A Ninawa province network of civilian volunteers has set a goal of collecting and distributing one million loaves of bread to displaced Mosul residents.
More than 150,000 displaced Mosul residents are sheltering in camps near the city set up by the Iraqi government, after fleeing their homes amid the battle to liberate the city from the "Islamic State of Iraq and the Levant" (ISIL).
As they await the completion of the military operation and their eventual return to their homes, they face harsh living conditions, including winter weather and a shortage of basic food items.
To help them meet their daily needs, local activists have launched a campaign to collect bread from area residents and distribute it in the displacement camps.
All local residents have been invited to contribute bread they bake or purchase, with the eventual goal of distributing one million loaves.
The initiative is organised by the Network of Civil Society Organisations in Ninawa, a civilian volunteering network, said its media officer, Muhannad al-Awmari.
"The idea aims to involve citizens in the IDPs’ concerns by sharing a loaf of bread with them, with all the high significance bread holds for the Iraqi family," he told Diyaruna.
Al-Awmari said he launched the initiative after he received offers from Iraqis from across the religious and social spectrum to donate bread.
Most donors come from Ninawa province or the adjacent Kurdish region, he said.
Al-Awmari said he arranges with donors a time and place to collect the bread, which is then delivered to the displacement camps by volunteers.
"The bread will be distributed to IDPs in the camps of al-Khazir, Hassan Sham and Jadaa, where dozens of thousands of IDPs are living," he said.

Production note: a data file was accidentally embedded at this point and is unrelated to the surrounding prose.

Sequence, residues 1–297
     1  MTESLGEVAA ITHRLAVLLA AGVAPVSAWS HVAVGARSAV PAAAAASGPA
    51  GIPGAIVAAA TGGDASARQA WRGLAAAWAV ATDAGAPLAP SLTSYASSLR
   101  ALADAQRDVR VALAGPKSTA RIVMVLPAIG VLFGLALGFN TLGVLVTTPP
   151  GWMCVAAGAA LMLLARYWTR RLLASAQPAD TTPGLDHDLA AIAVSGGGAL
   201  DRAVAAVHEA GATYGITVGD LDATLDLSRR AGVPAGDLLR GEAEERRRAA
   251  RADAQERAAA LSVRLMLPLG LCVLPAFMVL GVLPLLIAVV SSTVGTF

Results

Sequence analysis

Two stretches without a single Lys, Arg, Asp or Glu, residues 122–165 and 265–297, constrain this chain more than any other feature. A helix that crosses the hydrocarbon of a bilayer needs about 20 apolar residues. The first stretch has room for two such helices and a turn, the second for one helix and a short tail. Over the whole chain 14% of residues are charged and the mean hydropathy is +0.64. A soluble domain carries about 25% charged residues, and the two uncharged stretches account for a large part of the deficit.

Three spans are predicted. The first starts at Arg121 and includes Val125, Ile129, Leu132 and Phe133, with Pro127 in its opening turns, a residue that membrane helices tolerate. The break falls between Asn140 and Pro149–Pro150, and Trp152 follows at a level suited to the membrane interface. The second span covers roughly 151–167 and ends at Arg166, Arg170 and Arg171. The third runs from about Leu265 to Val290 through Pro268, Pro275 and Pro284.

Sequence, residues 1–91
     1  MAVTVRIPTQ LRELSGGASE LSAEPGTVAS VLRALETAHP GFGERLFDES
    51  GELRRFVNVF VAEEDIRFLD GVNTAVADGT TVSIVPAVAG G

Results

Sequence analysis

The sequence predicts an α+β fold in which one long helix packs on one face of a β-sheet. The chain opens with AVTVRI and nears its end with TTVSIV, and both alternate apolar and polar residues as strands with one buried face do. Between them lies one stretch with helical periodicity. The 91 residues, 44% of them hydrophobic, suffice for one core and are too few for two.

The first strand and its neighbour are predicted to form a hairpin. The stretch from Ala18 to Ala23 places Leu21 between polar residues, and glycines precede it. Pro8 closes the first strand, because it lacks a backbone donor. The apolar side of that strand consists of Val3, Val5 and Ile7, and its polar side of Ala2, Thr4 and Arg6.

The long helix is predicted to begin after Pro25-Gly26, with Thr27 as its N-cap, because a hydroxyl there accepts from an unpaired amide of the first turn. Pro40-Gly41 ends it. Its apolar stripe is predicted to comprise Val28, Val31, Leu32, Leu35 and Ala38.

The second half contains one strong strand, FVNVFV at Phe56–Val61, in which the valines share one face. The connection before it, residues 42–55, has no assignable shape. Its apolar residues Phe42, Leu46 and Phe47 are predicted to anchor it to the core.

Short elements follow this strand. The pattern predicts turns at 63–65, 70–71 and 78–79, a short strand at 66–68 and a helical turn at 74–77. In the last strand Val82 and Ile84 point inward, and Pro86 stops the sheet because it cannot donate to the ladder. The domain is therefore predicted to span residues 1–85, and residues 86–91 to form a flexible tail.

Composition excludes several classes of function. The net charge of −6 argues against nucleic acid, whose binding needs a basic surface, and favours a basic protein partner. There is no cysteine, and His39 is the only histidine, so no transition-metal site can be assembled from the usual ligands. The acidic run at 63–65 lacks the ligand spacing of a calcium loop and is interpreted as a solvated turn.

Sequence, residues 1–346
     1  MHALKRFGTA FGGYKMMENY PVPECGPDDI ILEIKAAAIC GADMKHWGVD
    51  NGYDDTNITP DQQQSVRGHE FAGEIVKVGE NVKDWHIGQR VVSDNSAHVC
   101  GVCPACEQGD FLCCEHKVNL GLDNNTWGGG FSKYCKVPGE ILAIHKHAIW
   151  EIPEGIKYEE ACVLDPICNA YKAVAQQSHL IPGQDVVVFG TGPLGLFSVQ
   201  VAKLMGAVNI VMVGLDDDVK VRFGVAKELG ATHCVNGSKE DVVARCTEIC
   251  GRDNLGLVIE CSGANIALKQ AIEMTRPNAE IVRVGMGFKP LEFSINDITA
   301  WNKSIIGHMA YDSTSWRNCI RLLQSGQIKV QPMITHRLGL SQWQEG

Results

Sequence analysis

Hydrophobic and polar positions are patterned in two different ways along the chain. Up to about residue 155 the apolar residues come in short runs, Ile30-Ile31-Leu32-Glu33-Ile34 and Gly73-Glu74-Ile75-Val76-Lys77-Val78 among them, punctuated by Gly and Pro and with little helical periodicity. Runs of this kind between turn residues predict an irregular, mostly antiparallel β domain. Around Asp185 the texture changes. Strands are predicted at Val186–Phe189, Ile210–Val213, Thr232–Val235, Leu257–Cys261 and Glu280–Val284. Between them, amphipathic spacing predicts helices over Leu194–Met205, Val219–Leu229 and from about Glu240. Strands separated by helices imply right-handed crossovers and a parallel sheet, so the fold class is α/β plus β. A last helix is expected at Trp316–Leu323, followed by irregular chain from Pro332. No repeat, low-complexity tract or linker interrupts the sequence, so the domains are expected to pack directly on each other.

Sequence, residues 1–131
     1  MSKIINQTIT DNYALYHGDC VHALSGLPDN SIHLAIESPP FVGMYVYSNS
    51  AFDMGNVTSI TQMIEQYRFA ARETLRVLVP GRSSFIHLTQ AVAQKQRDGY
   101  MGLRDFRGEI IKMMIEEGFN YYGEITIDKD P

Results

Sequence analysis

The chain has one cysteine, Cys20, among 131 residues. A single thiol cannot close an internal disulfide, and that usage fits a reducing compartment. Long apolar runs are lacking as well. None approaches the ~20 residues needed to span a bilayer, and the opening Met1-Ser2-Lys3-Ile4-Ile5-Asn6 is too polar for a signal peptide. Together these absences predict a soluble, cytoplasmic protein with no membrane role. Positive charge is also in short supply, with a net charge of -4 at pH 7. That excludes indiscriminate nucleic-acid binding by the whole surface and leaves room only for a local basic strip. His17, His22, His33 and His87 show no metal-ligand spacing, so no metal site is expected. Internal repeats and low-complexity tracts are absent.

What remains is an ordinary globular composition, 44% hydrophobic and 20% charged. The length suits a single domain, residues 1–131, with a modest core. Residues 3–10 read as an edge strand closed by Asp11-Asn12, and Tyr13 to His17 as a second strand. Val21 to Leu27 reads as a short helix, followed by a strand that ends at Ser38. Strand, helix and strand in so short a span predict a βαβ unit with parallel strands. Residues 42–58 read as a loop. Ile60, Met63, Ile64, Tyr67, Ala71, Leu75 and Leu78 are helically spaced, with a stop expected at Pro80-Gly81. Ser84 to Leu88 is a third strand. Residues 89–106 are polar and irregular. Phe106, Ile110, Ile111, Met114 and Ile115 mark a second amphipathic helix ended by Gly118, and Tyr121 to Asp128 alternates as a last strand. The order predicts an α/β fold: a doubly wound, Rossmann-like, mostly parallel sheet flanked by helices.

In addition to distributing bread, the network has been involved in other humanitarian initiatives in displacement camps near Mosul, al-Awmari said.
On New Year’s Eve, he said, the network held a party at Hassan Sham camp "where gifts and food were handed out".
The network also has organised basic education classes for children in the camps to prepare them for their eventual return to school, he added.
Meanwhile, the Iraqi Ministry of Displacement and Migration said that last year it distributed hundreds of thousands of food baskets and in-kind aid in Ninawa displacement camps and liberated areas of Mosul.
"The number of in-kind aid items given to IDPs by the ministry in 2016 included, according to official figures, some 630,000 food baskets containing various essential foodstuffs," ministry co-ordination department director Ali Mohammed Naji told Diyaruna.
But food distribution is just one aspect of the ministry's work in this area, he said, noting that "all IDPs in Mosul have been accommodated in camps prepared in advance and have been provided relief according to the required standards".
Distribution has not been limited to displacement camps but also has included residents in liberated neighbourhoods who chose to stay in their homes, said Muhannad Saleh Abdul Rahim, who oversees the ministry’s technical efforts.
"The ministry is co-ordinating with foodstuff agents in those neighbourhoods to collect ration cards for the families there, and the ministry then sends and distributes aid according to the number of cards," he told Diyaruna.